This is not a New Year’s resolution, but I’m planning to write a lot more on this blog this year. As I listened to the book of Proverbs towards the end of 2017, I thought there was much wisdom in there for us to feed on for at least the beginning of this year. I especially like the pithy, short sentence, poetry-like proverbs from around chapter ten going forward. So, we’ll be looking at a lot of those, and let me start with the one that seems obvious:
4 He who has a slack hand becomes poor,
But the hand of the diligent makes rich.
5 He who gathers in summer is a wise son;
He who sleeps in harvest is a son who causes shame.
Proverbs 10:4-5 NKJV
I spent my formative years in the village, where my dad had moved the family after retiring from the civil service as an educator, and starting to work with Busoga Diocese in their development programs. Looking back, I think that’s where a part of my hard work ethic was developed. We’d wake up early and head out to the gardens to dig. After the tragic death of my dad (he was shot), agriculture took on a much more important role as the economic engine of the family. My mum was a primary school teacher in the government village school, so her income wasn’t going to sustain six school going children!
I remember that we’d head out around sunrise and dig until about ten or eleven O’clock – four hours later – when it would start getting hot and we headed back home. Depending on the season however, we sometimes would go longer. Together with Kenneth my cousin, we’d milk the cows, take the goats out to the nearby pastures first and then the cows; which we’d hand over to a handler who’d take them, together with other people’s cattle, to a valley that had pasture to sustain that number. We’d then head back home and have breakfast around noon! Enter chores and other activity around the house! There was always something to do; from putting out maize to dry, to getting beans out of their pods, to washing, to cooking, to being sent to the shops, until evening when we’d go to get the cattle back. We’d factor in an hour of football at a small pitch where the cattle keeper would find us. We’d head home, milk the cows, get the goats back, and then take out the milk to sell. Did I mention the pigs?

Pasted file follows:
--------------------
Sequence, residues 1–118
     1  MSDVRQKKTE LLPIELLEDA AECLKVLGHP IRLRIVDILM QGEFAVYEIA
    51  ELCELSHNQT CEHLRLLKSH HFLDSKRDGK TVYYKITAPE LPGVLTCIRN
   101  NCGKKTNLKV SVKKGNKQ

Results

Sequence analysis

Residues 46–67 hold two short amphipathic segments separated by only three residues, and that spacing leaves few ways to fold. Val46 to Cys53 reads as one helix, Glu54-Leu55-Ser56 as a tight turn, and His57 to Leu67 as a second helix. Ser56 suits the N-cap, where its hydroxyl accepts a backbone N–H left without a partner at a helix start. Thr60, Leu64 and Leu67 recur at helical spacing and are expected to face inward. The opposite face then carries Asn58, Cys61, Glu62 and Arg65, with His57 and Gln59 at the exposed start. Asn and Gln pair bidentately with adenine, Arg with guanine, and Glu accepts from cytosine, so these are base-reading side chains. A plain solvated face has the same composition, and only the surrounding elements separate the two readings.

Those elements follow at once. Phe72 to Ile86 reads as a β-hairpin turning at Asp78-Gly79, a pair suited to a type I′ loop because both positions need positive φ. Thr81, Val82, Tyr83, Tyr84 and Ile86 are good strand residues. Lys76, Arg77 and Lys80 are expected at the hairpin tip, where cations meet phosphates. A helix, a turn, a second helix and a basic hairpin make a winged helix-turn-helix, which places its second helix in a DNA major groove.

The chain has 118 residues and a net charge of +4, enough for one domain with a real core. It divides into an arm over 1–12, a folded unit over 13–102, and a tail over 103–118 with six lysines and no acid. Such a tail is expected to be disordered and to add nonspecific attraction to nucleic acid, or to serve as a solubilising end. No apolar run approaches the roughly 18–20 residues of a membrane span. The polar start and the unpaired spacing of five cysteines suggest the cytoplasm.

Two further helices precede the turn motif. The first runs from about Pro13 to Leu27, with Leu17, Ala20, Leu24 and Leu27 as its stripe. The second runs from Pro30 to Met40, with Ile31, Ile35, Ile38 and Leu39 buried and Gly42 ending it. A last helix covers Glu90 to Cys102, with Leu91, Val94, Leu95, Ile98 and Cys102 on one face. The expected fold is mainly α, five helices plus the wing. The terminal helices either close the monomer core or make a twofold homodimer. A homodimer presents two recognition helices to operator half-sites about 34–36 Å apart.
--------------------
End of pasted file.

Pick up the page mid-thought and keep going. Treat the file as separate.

Going away to boarding school was a welcome relief from this village work life, but still, you knew what awaited you during the holidays! That was our life. No breaks, no siestas, no pulling your mouth. We had to get things done to survive. Our mother managed to take us all to school, of course with lots of help here and there. I saw firsthand the benefit and necessity of hard work. Poverty was lurking at the door, ready to pounce if we took a break.
Here is the beauty of work: Anyone – ANYONE – can work themselves out of poverty. Work is a blessing, a virtue that must be embraced by every generation if they want greatness. Even inherited wealth must be sustained by hard work. Otherwise, children who inherit wealth that was sweated for and have no clue of what it took to get it or sustain it will soon squander it. As the saying goes, what you leave in your children is much more important than what you leave for them!
So friends, let’s get to work. Let’s work hard and smart. Develop strategies for getting more out of your work week than the ordinary person. You may not have had a great start to life. You may not have received an inheritance. You may not be responsible for how you started, but certainly you’ll be for how you end.
It’s 2018. Let’s get to work!